|Publication number||US7433798 B2|
|Application number||US 11/492,442|
|Publication date||Oct 7, 2008|
|Filing date||Jul 25, 2006|
|Priority date||Dec 9, 1998|
|Also published as||US7143004, US20030158699, US20030204361, US20060265178|
|Publication number||11492442, 492442, US 7433798 B2, US 7433798B2, US-B2-7433798, US7433798 B2, US7433798B2|
|Inventors||Christopher P. Townsend, Steven W. Arms|
|Original Assignee||Microstrain, Inc.|
|Export Citation||BiBTeX, EndNote, RefMan|
|Patent Citations (2), Non-Patent Citations (2), Referenced by (23), Classifications (10), Legal Events (3)|
|External Links: USPTO, USPTO Assignment, Espacenet|
This application is a divisional of U.S. application Ser. No. 10,447,384, filed May 29, 2003 now U.S. Pat. No. 7,143,004, which was a divisional of U.S. application Ser. No. 09/457,493, filed Dec. 8, 1999, now abandoned, which claims the benefit of U.S. Provisional Application No. 60/111,523, filed on Dec. 9, 1998.
This invention relates to measurement devices and, in particular, to a solid state orientation sensor having a three hundred and sixty degree measurement capability for use in structural and biomedical applications.
Miniature orientation devices are used for a variety of structural and biomedical applications, including: measurement of structural angular displacement and orientation, computer input and pointing, virtual reality head and body tracking, camera stabilization, vehicle navigation, down hole drilling, feedback for functional electrical stimulation, and body position and inclination tracking. Sourced trackers use fixed magnetic field coils as a reference for magnetic sensors to detect position. (Raab et al., 1979) The source magnetic field coil is required to be relatively close (<10 feet) to the measurement coils. This greatly limit's these devices suitability in smart structure applications as it is often not practical to locate a source coil within this limited range. Sourceless trackers utilize earth's gravitational and magnetic field vectors, and do not limit a user's range of operation in any way.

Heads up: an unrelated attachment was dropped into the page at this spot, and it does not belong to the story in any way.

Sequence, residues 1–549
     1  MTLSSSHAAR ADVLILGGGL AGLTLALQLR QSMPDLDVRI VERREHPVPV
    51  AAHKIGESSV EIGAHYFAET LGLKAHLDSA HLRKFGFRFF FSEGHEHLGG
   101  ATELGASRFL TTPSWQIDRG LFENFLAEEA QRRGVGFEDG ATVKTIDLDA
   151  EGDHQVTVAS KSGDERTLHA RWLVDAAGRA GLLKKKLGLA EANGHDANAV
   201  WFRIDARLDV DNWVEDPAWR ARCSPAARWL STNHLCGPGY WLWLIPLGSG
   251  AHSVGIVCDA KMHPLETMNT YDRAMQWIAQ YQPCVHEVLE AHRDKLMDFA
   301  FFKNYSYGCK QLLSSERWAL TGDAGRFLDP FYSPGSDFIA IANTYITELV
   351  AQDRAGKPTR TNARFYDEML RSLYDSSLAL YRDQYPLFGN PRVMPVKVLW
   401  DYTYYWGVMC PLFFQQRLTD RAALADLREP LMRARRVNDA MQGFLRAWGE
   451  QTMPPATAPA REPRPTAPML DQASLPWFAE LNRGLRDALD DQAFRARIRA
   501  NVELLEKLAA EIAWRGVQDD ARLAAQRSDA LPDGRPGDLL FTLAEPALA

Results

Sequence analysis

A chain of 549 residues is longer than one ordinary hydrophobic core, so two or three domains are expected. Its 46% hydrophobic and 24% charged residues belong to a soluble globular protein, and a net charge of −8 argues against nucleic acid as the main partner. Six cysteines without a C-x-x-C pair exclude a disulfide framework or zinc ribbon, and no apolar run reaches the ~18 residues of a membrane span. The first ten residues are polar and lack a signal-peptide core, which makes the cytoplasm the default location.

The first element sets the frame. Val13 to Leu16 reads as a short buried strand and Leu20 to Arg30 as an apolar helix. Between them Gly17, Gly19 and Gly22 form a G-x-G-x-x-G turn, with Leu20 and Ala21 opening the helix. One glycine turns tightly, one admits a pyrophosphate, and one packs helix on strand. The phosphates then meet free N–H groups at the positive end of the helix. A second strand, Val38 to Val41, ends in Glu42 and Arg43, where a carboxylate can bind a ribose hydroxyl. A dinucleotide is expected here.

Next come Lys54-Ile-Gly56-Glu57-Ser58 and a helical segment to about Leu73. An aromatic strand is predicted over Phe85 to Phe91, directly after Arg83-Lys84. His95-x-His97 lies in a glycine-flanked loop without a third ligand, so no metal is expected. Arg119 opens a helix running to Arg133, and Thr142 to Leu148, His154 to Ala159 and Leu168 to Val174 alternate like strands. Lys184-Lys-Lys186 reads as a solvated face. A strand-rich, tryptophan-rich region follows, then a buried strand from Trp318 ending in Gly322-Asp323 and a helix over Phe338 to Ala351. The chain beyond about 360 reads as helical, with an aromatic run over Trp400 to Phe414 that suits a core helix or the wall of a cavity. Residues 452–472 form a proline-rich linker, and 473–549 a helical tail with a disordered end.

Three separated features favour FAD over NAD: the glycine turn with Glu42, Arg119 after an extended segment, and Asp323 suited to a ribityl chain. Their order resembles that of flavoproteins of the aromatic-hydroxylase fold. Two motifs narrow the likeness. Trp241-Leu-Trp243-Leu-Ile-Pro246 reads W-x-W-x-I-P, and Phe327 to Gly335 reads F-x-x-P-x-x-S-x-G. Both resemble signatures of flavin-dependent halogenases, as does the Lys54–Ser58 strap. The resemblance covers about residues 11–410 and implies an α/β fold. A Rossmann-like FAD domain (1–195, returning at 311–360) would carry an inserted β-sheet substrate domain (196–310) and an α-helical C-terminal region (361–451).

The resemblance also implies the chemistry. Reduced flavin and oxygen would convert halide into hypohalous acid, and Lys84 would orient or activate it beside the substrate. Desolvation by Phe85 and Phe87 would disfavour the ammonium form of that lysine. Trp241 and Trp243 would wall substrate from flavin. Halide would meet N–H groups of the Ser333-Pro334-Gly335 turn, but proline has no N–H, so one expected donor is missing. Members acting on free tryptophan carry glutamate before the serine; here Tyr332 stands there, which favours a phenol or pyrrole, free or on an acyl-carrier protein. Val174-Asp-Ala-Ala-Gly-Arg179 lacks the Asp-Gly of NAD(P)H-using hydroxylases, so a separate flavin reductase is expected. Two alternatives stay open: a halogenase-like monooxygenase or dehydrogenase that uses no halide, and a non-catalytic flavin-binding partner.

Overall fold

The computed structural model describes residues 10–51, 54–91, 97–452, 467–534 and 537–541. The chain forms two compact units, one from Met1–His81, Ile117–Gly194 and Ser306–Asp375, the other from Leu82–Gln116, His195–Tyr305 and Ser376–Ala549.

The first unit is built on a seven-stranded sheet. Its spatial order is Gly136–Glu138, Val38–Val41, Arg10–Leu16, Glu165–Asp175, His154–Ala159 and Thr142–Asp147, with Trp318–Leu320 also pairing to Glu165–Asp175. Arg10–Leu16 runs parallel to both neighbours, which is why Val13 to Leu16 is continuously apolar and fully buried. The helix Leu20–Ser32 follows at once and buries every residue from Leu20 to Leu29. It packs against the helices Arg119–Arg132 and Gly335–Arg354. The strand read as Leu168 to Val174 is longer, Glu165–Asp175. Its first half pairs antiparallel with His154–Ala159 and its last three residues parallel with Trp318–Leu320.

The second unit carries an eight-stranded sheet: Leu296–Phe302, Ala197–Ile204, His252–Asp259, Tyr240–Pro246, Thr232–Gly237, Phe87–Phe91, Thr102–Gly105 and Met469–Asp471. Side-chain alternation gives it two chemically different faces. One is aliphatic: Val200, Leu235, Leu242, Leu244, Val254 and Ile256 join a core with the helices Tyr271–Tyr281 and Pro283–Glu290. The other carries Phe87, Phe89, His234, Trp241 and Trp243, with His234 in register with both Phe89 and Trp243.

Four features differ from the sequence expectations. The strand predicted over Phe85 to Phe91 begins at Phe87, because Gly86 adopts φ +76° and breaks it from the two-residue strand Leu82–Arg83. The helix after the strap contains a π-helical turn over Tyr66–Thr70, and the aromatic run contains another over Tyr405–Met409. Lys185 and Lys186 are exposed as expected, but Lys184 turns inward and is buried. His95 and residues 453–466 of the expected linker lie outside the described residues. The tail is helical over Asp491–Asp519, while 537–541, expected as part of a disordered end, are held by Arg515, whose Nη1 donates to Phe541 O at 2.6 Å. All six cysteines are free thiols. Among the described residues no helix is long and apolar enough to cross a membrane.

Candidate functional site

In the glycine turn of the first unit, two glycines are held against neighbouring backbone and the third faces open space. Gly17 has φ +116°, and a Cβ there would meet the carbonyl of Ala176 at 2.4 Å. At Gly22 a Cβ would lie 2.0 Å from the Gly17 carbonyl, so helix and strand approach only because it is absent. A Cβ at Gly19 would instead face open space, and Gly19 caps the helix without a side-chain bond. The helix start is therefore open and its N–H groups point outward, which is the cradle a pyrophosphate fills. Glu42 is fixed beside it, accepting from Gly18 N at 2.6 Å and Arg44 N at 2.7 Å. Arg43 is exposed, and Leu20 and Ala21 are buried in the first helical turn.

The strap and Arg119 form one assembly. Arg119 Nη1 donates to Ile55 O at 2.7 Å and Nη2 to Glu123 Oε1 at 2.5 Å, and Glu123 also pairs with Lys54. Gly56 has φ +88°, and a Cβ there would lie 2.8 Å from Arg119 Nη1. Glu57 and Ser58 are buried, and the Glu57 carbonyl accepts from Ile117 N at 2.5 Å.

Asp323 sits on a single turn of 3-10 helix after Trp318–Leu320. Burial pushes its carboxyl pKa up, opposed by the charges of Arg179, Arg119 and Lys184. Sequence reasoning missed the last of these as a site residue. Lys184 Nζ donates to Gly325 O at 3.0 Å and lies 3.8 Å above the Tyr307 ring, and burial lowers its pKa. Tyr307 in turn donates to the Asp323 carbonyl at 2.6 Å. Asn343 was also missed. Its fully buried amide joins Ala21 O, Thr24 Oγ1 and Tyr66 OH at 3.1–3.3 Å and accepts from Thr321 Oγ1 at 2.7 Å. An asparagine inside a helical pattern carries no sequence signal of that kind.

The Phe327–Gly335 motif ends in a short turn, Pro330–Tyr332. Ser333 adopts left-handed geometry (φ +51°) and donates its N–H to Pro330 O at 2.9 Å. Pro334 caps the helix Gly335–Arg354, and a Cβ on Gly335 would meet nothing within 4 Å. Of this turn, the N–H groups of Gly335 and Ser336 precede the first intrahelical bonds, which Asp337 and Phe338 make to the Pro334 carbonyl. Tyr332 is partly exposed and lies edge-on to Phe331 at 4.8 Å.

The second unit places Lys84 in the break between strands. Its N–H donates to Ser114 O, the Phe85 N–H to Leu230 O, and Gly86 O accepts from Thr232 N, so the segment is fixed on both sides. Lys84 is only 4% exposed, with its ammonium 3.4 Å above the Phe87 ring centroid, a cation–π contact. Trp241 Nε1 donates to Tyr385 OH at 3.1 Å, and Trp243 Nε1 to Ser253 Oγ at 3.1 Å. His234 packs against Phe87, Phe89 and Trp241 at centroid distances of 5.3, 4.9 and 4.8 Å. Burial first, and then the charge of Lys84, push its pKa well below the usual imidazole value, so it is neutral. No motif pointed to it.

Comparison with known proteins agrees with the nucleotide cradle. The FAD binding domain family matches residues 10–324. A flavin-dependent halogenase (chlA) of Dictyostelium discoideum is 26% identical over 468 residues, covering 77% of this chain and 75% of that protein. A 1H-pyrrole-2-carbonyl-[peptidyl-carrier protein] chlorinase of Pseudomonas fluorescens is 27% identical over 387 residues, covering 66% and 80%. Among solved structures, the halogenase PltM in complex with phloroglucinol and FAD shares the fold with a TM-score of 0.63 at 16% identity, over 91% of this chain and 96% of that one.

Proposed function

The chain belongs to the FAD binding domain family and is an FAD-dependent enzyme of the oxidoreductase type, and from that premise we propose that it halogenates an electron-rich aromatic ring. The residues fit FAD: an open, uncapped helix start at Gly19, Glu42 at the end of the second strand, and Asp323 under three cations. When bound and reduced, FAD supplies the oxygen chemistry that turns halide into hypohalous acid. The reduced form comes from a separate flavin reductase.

This invention describes miniature, sourceless orientations sensor based on accelerometers and magnetometers that include analog and digital signal conditioning, embedded microprocessor, digital and analog output, and has the capability to measure pitch over a range of 360 degrees, yaw over a range of 360 degrees, and roll over a range of up to +/−90 degrees. Pitch, roll and yaw angles are computed in real time by a microprocessor located on the same board as the sensors, eliminating the need for bulky external processing units and facilitating networking.
The following prior art is known to the applicant:
U.S. Pat. No. 5,953,683 to Hansen et. al describes a number of devices that utilize linear accelerometers, magnetometers, and rate sensors to measure pitch roll and yaw. Their device, based only on accelerometers and magnetometers, does not teach how to use the accelerometers to have a range of greater than +/−90 degrees on elevation or roll angles. Furthermore, the Hansen device does not utilize rate responsive adaptive filters. The Hansen device also requires an initial calibration to determine the earth's magnetic field intensity. The device of the present patent application does not require this initial calibration because it uses magnetometers along three axes, and earth's total magnetic field intensity can be calculated from the three magnetometers.
U.S. Pat. No. 5,373,857 to Travers et. al describes a sourceless tracker that utilizes an optical fluid based tilt sensor. This system has the disadvantage of being fluid based which leads to an undesirable settling time and cannot measure inclination angles that are greater than +/−70 degrees.
One aspect of the present patent application is a solid state orientation sensor with 360 degree measurement capability, for use in a number of different structural and medical applications. Included in this aspect are a plurality of magnetic field measurement sensors, a plurality of response accelerometers, and a microprocessor for scaling data from the sensors with calibration coefficients and for quadrant checking for calculating the absolute angle from the accelerometers.
Another aspect of this application is a solid state inclinometer sensor system, comprising a digital network of devices. Each device of the network includes a solid state inclinometer attached to a mounting structure. The inclinometer includes gravity sensors and a processor. The gravity sensors are mounted to provide components of earth's gravity. The processor uses data derived from the gravity sensors to calculate inclination of the mounting structure and provide a digital output for transmission on the digital network.